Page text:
Feature creep, gold plating, and the Product Backlog
How many times have you been working on a feature only to discover a new scenario that you feel is important, but isn’t included in the estimates for the current sprint? And what did you do? If you’re like most programmers, you probably just wrote the code to handle the scenario.
If so, you’re experiencing feature creep and/or gold plating. What this really means is that you’re adding code that perhaps should never be in the product. How’s that you ask? Shouldn’t I ensure that I handle all scenarios?
In a word, no. You see, not all scenarios have the same value to a customer. If you just go ahead and write code for a scenario, you might be supporting a scenario that really isn’t that important. But you’ve actually taken time away from working on what are most likely more important scenarios.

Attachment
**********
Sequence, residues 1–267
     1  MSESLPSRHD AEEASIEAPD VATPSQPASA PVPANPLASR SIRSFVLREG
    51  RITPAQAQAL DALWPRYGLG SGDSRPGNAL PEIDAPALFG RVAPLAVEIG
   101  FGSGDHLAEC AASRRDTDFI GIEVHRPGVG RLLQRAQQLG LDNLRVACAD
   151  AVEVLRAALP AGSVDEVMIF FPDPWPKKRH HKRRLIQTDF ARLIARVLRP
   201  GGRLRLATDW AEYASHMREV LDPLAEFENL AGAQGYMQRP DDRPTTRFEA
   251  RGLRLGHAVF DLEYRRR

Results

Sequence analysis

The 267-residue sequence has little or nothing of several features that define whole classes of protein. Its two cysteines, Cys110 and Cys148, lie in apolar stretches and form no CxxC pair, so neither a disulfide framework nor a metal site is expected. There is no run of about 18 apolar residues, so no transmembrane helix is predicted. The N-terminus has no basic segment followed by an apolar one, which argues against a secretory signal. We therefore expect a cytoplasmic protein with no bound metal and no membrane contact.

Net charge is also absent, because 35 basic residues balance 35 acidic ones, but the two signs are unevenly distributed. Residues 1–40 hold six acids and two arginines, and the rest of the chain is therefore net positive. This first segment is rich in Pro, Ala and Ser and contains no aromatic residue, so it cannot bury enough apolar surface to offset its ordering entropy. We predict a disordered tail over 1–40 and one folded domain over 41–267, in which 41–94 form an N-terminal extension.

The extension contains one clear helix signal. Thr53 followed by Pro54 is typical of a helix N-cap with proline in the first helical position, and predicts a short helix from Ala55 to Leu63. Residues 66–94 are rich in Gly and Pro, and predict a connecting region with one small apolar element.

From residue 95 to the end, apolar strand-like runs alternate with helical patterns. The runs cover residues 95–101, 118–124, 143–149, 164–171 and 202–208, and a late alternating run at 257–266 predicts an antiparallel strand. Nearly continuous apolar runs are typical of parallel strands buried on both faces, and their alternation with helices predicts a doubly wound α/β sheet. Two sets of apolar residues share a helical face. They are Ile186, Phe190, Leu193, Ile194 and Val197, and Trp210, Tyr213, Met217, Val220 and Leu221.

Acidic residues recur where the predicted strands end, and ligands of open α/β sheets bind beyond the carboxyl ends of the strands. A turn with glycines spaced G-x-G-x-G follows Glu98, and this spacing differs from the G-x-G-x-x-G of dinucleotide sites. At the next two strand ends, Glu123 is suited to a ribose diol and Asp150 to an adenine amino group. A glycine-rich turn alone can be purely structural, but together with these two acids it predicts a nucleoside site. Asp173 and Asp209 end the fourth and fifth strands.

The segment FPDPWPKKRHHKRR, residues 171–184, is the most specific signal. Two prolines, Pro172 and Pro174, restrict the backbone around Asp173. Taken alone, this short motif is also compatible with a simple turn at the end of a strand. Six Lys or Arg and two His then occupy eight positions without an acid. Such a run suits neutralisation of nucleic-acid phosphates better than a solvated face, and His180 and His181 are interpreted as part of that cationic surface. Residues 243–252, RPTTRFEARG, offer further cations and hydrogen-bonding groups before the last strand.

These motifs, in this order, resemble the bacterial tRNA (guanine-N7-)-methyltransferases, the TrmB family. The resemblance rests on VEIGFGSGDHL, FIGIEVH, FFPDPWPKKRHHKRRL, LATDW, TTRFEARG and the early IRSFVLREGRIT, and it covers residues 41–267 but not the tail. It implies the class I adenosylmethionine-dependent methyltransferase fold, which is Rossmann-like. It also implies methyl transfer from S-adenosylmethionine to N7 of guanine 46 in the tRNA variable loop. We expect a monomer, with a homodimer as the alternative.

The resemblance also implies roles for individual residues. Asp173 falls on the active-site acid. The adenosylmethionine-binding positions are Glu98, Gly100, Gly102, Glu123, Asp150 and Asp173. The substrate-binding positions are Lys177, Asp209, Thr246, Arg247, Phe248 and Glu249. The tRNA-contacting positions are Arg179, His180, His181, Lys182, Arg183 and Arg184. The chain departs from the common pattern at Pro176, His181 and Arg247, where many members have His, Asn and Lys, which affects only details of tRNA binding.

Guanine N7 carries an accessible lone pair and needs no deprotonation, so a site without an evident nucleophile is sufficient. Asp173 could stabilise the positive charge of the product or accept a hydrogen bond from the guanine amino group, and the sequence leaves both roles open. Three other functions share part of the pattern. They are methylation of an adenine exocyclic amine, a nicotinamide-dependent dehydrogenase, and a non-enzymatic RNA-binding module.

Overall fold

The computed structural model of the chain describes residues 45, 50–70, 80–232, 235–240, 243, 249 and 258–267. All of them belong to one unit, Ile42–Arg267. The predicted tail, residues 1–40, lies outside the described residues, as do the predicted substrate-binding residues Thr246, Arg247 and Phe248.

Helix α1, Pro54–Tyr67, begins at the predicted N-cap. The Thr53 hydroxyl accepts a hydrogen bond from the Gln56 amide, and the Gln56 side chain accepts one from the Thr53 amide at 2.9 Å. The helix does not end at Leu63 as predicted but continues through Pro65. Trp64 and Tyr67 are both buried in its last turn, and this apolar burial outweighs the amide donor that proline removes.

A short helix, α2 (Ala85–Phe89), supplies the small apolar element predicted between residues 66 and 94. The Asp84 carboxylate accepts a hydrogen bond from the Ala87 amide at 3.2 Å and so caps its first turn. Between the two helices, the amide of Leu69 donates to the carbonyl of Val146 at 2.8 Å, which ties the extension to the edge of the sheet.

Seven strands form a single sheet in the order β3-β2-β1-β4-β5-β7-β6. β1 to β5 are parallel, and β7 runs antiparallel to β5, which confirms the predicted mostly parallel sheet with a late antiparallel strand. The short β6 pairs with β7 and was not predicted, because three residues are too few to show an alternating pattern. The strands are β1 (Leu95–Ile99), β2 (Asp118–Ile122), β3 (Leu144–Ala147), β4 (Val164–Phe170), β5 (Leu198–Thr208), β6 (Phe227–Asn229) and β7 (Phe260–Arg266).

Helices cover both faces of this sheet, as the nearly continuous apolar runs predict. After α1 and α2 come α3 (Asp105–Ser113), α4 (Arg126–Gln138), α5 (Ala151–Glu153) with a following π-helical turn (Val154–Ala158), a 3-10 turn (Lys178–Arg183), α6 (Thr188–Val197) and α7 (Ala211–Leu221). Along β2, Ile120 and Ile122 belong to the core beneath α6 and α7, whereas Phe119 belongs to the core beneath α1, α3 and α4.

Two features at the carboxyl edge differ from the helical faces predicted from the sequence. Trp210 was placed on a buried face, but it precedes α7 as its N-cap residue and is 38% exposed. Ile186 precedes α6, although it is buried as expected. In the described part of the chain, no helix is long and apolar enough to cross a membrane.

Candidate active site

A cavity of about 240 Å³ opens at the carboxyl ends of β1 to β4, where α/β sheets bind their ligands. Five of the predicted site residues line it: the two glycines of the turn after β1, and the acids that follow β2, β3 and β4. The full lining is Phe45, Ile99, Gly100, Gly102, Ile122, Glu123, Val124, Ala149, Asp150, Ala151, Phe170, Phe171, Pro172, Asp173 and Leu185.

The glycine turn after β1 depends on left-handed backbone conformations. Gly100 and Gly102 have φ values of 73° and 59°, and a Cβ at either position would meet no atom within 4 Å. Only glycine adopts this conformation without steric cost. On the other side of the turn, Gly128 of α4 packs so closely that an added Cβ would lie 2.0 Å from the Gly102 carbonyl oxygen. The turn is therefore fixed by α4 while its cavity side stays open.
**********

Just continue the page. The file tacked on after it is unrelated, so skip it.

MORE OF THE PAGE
So what do you do when you find a scenario that you’re not handling? Add it to the product backlog.
The product backlog represents value that you’d like to add to the product, stacked from the most important to the least important. When you add a new item to the product backlog, it’s a good idea, as a team, to agree on a stack rank value (like 1000) that you’ll use for new items that haven’t been stacked yet. Also assign the user story (or product backlog item) to yourself so the product owner will know who to talk to when they have questions about the importance of your item.
The idea of agile is to build as much code as you need to deliver the value, but no more. Building more depth into a feature (gold plating) or adding extra features (feature creep) only takes time away from adding more important value. So stay focused on building the minimum code required to satisfy the acceptance criteria for the current sprint, and put all other ideas on the product backlog.